Légaré explained that IPSO was created at the start of IP use in end devices. Initially, work focused on wireless sensor networks and low-power, constrained, small devices to determine why IP was required. Now, it’s about how IP is used in these devices. What do you do about authentication and device identity? “There are multiple open standard consortiums working on this sequentially, each focusing on different areas. The issue is so large, it can’t be done by a single consortium,” he said.

For its part, IPSO is focused on device interoperability, with security being one component.

“A device has to have an immutable identity that can’t be copied, forged, or hacked,” continued Légaré. “This is the challenge IPSO has taken on, and we have a working group devoted to it.” He also said silicon (Si) vendors are part of IPSO because this immutable identity has to start with the chip. The reason for open standards is to achieve economies of scale. This cannot be achieved with competing standards, so it’s important for Si vendors to work together to define the open standard.

What Légaré is most excited about is the energy that IoT is bringing back to the microelectronics industry. “The energy we had during the boom of Silicon Valley is back,” he said. “It’s fun.”

Jim Hunter rounds out IPSO’s IoT SLAM presence with a talk titled The ‘People-fication’ of Things, addressing one of my own chief concerns about today’s connected world: the importance of maintaining the human element in the face of technology.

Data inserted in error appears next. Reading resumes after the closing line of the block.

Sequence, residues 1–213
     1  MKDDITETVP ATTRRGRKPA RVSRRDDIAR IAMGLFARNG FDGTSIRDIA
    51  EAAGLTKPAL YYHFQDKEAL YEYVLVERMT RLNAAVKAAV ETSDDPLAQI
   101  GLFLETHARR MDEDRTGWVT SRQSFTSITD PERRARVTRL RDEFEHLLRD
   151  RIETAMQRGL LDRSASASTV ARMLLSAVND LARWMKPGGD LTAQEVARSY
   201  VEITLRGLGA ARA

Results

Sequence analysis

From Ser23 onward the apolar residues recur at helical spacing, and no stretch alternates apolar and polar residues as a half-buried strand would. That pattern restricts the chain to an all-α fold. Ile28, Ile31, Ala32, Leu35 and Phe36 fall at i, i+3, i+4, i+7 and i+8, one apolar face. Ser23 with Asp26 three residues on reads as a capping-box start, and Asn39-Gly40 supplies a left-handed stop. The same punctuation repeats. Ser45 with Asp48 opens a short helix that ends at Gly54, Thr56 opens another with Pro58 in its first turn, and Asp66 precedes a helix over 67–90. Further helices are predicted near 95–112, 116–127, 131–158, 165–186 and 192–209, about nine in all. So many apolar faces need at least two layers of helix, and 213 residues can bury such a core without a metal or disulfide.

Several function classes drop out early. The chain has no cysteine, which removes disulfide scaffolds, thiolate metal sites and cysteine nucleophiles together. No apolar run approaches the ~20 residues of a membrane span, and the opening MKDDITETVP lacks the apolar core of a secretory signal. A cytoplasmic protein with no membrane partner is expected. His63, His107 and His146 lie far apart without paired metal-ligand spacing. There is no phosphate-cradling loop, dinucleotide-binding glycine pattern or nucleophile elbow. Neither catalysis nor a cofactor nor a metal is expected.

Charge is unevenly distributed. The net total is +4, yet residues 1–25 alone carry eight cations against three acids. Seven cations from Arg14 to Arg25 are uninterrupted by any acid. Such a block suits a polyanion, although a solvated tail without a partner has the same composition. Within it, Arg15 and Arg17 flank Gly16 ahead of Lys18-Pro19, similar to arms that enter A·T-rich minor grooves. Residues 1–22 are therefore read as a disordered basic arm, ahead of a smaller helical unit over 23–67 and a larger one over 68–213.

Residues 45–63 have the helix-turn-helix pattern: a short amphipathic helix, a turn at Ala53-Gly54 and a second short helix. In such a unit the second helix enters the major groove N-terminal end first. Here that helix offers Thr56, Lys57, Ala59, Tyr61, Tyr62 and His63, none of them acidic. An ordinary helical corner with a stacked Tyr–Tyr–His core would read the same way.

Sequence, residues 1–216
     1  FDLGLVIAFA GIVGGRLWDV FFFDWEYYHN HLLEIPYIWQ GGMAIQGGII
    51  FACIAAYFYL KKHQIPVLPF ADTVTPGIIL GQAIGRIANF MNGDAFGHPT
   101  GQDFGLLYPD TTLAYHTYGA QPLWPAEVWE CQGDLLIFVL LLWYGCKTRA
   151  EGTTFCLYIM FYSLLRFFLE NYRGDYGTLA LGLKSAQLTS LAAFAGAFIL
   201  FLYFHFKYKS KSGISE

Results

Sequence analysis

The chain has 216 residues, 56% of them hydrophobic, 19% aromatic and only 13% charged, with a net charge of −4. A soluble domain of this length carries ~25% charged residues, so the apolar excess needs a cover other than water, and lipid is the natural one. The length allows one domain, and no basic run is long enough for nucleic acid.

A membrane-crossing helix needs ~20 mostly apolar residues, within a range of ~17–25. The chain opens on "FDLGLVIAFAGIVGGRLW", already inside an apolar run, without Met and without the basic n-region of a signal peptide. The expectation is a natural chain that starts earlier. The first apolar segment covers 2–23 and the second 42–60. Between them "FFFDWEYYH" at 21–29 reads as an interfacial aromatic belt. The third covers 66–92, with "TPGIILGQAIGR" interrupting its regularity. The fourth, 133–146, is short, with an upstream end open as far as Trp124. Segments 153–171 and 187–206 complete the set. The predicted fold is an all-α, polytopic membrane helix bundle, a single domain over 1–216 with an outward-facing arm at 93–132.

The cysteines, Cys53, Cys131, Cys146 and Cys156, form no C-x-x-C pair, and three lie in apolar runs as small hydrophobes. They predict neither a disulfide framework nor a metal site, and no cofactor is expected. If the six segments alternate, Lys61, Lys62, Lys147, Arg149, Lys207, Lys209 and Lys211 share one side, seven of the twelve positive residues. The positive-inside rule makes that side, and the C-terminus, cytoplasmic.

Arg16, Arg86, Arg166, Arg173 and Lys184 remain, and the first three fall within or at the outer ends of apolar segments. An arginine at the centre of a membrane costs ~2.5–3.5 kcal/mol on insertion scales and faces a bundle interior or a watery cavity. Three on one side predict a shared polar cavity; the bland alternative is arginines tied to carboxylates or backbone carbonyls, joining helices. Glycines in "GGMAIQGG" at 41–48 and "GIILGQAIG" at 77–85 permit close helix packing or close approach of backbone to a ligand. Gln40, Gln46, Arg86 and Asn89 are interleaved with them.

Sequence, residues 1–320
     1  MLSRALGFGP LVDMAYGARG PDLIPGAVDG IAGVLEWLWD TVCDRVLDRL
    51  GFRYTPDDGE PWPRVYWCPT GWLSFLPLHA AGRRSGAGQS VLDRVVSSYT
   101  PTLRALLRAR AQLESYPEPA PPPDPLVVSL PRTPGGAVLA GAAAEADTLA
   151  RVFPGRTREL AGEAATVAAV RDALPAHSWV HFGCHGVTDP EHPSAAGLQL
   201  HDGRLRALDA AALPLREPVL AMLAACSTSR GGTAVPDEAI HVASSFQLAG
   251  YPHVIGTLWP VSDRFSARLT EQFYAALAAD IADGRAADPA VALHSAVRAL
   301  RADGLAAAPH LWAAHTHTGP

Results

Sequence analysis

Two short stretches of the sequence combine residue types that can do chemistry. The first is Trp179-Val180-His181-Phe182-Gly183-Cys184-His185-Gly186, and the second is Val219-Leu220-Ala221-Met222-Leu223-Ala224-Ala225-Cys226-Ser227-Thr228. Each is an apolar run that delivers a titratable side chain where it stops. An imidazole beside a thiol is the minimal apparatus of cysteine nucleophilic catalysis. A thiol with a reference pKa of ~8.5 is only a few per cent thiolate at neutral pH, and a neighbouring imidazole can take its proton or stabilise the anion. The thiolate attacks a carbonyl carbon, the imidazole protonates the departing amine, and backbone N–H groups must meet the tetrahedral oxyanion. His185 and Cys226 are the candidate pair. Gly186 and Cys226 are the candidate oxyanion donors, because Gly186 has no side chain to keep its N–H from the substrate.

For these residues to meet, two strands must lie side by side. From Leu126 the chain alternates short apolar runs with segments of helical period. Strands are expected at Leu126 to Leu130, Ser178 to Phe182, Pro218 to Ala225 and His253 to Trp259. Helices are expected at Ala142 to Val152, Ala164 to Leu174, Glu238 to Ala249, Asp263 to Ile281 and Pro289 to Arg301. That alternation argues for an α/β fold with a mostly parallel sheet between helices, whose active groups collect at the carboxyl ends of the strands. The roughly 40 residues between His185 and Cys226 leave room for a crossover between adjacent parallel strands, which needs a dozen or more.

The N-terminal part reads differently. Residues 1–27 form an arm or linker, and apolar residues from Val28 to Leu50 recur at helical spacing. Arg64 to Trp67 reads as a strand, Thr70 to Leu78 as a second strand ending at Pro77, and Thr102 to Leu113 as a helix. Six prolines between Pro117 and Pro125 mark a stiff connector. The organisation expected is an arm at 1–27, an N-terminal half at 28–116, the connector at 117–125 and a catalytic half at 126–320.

Hunter’s company, Greenwave Systems, is a global IoT startup whose software platforms and services enable companies to integrate IoT capabilities into their products. Hunter’s talk will stress the importance of shifting the way we think about the connected things we install in our home. He says we should treat the things we put in our homes as employees, with the same requirements and expectations we would set when hiring someone: trustworthiness, confidentiality, and reliability. Do they fit the culture and work well with others (other devices, in this case)? Do they do the job we hired them to do, the way it needs to be done, the same way every time, without needing constant supervision?

“The problem we face is that technology is created by technologists, for use by non-technologists,” he said. “With the invention of the transistor, we created something requiring a new language and a new way of communicating in short, concise messages. That was the genesis of a culture of people who communicate in the same techie language. Unfortunately, the majority of the world doesn’t know how to converse that way.” He explained that this “splinter language” has created a usability gap between the technology coming into our homes and lives and the people who are using it.

Hunter suggests that “we shift our collective perspective, so that we consider technology as employees. When we do this,” he adds, “the shortcomings listed above become apparent, as do solutions such as common communication, tasking and interaction modules necessary for mass consumer adoption.”

In addition to IPSO Alliance presentations, IoT SLAM will feature many other compelling presentations. While I will blog about the takeaways I find important from this event, what matters to me may not be what matters to you, so I encourage you to register and attend the sessions and talks that appeal to you. The full agenda is available here.